Release Date: May 7, 2013
Record label: Rhymesayers Entertainment
Genre(s): Rap, Pop/Rock, Alternative/Indie Rock, Alternative Rap, Underground Rap
DIY folk singer/self-help guru Kimya Dawson and word-heavy rapper/surrealist Aesop Rock might seem like unlikely partners, but it makes a certain kind of sense. In their respective careers both have served as voices for the underheard – the abused, bullied, dead. Both are eccentrics, with their own unusual vocal delivery. Both are OK with rough edges in their music – with joke songs, with songs that have an aura of work-in-progress.
The first thing that comes to mind upon hearing “Kryptonite,” opening track of The Uncluded’s inaugural album Hokey Fright, is that perhaps you’re listening to two songs at once. At first it’s all Kimya Dawson’s guitar strumming and sweetly melancholy singing, but a few moments in, as Aesop Rock’s baritone talks over and along with her, discordant and out of place, it sounds for all the world like he’s singing along and maybe the lyrics have been changed without anyone telling him. It’s unnerving at first, but also kind of addictive, setting the tone for the rest of the album.
When quirky indie rock acquired taste Kimya Dawson meets enigmatic hip-hop acquired taste Aesop Rock for a project, it sounds like an idea to just roll around the head or maybe an announcement to light up the blog, but it hardly seems like something that would stick to the bones. Jump to the 38-second stomper "Superheroes" included here, where the Uncluded members trade off some of their favorite snacks (Aesop: "Fluffer nutter!"; Dawson: "Shwarma!"), and Hokey Fright is a moldy peach to forget about, but it's only an interlude, and any old curmudgeon who clues into the album's hook might very well find it vital and charming. Hokey Fright explores unexpected interactions and reactions as an "Earthquake" shakes Dawson out of her home, just because the damn power is out.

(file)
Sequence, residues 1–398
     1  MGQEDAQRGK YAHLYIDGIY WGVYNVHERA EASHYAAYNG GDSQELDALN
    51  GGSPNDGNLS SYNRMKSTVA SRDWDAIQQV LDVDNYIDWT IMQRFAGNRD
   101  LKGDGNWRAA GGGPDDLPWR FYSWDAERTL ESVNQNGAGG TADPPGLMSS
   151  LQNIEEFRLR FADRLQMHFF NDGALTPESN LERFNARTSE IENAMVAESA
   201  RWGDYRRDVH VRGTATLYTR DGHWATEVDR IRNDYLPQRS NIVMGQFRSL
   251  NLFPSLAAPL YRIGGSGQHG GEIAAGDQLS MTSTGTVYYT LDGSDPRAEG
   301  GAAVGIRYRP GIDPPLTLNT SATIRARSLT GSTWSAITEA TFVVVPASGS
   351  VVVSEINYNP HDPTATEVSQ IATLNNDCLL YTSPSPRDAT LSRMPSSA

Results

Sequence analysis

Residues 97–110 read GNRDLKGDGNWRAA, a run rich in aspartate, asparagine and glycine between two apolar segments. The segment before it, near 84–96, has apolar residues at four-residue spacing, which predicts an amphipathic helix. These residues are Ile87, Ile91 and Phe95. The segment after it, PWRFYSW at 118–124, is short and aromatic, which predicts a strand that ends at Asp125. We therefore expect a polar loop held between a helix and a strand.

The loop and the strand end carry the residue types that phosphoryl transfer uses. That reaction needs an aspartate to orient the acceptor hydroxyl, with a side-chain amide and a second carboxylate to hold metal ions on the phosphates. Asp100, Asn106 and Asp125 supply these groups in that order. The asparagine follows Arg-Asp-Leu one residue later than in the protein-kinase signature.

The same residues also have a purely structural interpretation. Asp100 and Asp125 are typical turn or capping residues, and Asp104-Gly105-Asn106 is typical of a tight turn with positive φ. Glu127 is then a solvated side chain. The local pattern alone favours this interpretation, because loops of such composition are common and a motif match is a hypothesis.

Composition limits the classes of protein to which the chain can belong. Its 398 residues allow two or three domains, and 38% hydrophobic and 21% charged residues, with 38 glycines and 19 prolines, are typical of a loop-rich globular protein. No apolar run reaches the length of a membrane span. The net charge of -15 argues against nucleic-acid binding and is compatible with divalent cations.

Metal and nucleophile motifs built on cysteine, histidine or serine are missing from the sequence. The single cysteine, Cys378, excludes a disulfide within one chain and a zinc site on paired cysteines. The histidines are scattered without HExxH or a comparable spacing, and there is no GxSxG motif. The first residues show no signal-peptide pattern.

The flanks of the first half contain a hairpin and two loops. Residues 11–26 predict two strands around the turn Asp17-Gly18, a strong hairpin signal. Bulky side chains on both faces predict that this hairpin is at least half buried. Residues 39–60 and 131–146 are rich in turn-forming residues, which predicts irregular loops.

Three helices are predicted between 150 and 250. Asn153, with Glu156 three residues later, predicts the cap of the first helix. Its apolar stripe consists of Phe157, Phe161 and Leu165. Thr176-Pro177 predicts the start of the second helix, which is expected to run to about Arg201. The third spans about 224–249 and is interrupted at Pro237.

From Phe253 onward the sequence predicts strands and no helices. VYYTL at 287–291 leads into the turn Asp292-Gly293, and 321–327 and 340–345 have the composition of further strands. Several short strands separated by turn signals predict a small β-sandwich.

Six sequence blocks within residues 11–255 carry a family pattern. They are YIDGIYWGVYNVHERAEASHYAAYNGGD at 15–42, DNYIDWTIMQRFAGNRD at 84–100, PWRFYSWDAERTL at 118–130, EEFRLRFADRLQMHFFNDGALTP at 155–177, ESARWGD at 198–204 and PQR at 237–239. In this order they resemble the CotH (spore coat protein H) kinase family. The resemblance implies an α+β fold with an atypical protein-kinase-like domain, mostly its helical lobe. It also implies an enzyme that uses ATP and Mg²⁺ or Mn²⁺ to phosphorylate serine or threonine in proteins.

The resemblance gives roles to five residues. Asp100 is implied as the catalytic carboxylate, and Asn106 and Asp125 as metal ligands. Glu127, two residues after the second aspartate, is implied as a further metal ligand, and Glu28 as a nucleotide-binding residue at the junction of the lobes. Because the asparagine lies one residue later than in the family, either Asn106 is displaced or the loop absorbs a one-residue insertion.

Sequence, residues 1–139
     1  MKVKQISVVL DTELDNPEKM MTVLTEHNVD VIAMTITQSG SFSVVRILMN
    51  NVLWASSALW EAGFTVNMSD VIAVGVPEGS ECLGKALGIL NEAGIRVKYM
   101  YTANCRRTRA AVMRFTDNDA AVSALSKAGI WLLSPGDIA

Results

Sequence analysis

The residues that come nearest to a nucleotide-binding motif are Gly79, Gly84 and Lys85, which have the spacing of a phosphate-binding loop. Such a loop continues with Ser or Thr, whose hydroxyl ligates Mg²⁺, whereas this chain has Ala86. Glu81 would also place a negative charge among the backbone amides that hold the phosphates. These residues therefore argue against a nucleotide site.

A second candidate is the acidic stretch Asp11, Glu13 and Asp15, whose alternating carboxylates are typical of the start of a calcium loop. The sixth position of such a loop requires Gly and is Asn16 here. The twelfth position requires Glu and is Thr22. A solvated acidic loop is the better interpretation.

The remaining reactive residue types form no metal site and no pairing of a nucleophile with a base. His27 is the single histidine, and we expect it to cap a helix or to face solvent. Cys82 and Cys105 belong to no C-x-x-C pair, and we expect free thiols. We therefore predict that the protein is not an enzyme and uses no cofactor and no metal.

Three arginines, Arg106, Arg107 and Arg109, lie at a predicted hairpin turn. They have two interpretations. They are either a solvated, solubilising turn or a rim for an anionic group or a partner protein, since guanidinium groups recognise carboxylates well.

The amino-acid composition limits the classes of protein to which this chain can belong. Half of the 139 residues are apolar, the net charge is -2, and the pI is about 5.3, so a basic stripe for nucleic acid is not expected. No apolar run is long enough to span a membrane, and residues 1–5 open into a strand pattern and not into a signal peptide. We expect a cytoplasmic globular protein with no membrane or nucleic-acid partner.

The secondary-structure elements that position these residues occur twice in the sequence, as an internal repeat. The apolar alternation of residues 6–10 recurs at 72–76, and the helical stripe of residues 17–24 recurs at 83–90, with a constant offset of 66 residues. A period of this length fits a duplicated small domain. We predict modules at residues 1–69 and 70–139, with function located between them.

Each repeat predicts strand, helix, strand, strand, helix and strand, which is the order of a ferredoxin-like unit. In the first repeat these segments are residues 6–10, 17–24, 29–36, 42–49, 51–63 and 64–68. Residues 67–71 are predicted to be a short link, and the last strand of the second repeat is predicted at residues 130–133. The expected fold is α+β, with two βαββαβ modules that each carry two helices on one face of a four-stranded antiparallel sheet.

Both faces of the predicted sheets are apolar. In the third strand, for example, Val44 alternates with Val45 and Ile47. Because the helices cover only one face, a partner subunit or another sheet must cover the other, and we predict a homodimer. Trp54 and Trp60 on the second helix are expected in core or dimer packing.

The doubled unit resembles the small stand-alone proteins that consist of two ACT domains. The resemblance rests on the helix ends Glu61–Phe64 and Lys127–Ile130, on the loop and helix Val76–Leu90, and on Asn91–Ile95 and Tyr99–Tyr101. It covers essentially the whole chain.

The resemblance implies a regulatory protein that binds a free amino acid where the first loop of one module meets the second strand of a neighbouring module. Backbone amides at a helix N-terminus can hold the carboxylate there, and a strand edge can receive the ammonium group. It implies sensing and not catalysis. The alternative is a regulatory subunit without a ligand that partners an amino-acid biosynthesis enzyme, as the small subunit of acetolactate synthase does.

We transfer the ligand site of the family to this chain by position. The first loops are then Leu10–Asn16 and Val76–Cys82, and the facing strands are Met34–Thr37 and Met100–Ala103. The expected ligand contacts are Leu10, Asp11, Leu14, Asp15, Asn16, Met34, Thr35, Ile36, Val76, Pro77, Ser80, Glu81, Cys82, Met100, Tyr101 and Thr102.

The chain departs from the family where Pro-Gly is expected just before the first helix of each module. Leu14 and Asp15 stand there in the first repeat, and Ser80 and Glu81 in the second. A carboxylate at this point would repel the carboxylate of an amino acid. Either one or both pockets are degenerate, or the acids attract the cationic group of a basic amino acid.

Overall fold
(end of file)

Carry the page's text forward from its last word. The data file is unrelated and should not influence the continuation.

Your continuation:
Having already tested the water with collaborations on each other's recent solo albums, rapper/producer Aesop Rock and anti-folk singer Kimya Dawson (the Moldy Peaches) have decided to take their musical experiment further as a duo. Aside from the drums on debut single "Delicate Cycle," which were handled by Yo La Tengo's James McNew, Aesop and Kimya wrote, performed and recorded the entire album in a variety of locations, and it shows. A few songs sound professional studio quality, but many have a lo-fi, bedroom studio feel that suits the Uncluded's ego-free combination of Kimya's quirky singing and simple lyrics, Aesop's dense raps, their strange instrumentation and their melancholy lyrics about loss, from the story of a child grieving the death of its mother on folksy "Earthquake" to the crash of Swissair Flight 111 off the shore of Halifax, NS on the funky "TV on 10.
The Uncluded’s debut album, Hokey Fright, is an oddly delicious mix from two odd performers. Kimya Dawson and Aesop Rock share off-center delivery and lyricism. Their mix of irreverent folk rock and eloquent rap isn’t a likely pairing, but thankfully Dawson and Ace are just that good. Hokey Fright was born from talking about “mortality” and wanting to explore questions that have no answers.